Digital techniques, specifically algorithmic as opposed to parametric (associative) processes, allow for the non-hierarchical and non-linear (feedback) negotiation between multiple factors; the topology of the system, its network of connections (physical, virtual or both), remains open and is able to self-organise. The conception of architecture as a collective organisation driven through multiple agencies is more akin to the dynamics of complex natural systems than to conventional modes of design. For this reason, supermanoeuvre is consciously drawn to the modelling of the algorithmic processes that underlie biological and chemical phenomena, as opposed to the emulation of pre-existing geometries found within nature. Such fixed references, serve only to limit the capacity of the design process before it has even begun. Our interest therefore, rests firmly in the description of behaviours such as growth and change, mechanisms of feedback, and the transformative agencies such entirely syntactical models elaborate. This is a critical and conscious departure from graphical systems of representation, toward an active engagement with the protocols of ‘making’ that exist deep within all complex behavioural systems. The algorithm becomes the operative medium (descriptive environment) through which intentions are first encoded, then negotiated and ultimately enacted.

The application of algorithmic processes presents architecture with a set of descriptive and accelerating possibilities akin to those embedded within mathematics via its systems of abstract notation. Similarly, music enjoys rapidly enhanced evolution with each successive creation of new symbolic notational systems. As John Holland has observed, “anyone with a bit of effort can appreciate quite complicated music, but there are musical subtleties that are difficult to convey without notation. The sophisticated compositions of Bach, Beethoven, and Prokofiev depend on the discipline that produces that musical notation. To know musical notation is to enrich one’s understanding of the music and of the process of composition.” Here the delimiting frame of syntactical protocols, enables rather than inhibits the space of formal possibility. The ‘fugue’, “a type of contrapuntal composition or technique of composition” , famously adopted by Bach, is a prime example of cultural production literally inconceivable without symbolic grammar. Thus, notation enables a medium for the systematic meta-analyses not only of the artefact (theorem, composition or building), but also of the processes that have brought it into being. In short, it enables the creation of theories of making, which can then form a foundation for the elaboration of a design methodology. Within architecture, it is our precise ability to relay, quantify and query design speculation and aspiration through computable terms, that allows “architectural concepts [to be] expressed as generative rules so that their evolution may be accelerated and tested.”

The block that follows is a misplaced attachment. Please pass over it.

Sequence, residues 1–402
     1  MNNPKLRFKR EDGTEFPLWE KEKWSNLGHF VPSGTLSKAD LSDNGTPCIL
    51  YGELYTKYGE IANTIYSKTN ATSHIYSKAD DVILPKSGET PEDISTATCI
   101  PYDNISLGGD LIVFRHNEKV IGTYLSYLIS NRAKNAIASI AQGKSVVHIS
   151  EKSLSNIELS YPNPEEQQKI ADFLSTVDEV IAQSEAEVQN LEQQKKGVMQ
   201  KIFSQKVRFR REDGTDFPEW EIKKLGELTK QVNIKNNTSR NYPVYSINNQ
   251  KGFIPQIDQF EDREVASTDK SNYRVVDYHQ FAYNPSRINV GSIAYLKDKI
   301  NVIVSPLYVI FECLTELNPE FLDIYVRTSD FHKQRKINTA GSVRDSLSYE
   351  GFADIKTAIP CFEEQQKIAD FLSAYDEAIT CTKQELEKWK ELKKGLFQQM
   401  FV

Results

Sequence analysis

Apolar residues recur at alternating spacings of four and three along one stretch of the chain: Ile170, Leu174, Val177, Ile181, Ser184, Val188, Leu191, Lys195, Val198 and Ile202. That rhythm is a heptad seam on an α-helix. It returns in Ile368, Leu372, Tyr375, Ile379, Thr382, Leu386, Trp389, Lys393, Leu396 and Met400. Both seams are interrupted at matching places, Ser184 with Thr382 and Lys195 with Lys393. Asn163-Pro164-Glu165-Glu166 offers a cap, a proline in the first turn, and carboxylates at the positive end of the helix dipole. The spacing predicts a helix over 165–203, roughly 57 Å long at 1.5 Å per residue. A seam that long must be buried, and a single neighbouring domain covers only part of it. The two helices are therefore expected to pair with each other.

Advocating architectural form as a synthesis of internal motivations and their response to situation requires an expansion of the framework through which it is theorized. Analysis of commonalities across and between architectural forms is critical to their generation, evaluation and positioning. Historically, typology has been both a practical and theoretical apparatus to this end. Premising architectural organisation upon established typologies, however, can be a reductive and external practice that unnecessarily pre-conditions and limits the act of design. The difficulty is that established typologies have conventionally been viewed as fixed, and are primarily articulated in programmatic and/or semantic terms without explicit reference to the forces and processes that generated them. There are exceptions; Zaero-Polo, Tschumi, Kipnis and Frampton have each articulated models of typology that are active to various degrees. What such models do not provide however, is an adequate meta-analysis or operative grammar through which a productive and empowering design methodology could be structured.